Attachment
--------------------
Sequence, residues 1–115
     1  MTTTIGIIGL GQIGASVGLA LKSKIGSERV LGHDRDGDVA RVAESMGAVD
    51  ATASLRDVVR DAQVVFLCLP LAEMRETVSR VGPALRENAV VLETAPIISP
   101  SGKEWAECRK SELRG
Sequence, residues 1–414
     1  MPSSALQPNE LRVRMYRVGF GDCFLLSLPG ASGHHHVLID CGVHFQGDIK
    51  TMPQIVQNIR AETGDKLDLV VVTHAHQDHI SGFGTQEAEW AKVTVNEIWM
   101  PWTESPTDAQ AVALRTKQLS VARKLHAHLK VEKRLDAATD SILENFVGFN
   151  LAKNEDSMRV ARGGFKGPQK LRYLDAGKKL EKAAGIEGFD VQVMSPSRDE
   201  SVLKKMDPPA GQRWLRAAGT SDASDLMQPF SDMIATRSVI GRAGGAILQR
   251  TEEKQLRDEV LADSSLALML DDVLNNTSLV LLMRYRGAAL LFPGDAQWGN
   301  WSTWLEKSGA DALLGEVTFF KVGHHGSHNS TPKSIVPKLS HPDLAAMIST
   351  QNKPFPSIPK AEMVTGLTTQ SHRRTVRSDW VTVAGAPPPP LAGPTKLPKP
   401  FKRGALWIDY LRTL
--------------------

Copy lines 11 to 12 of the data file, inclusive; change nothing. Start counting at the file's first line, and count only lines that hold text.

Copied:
   251  TEEKQLRDEV LADSSLALML DDVLNNTSLV LLMRYRGAAL LFPGDAQWGN
   301  WSTWLEKSGA DALLGEVTFF KVGHHGSHNS TPKSIVPKLS HPDLAAMIST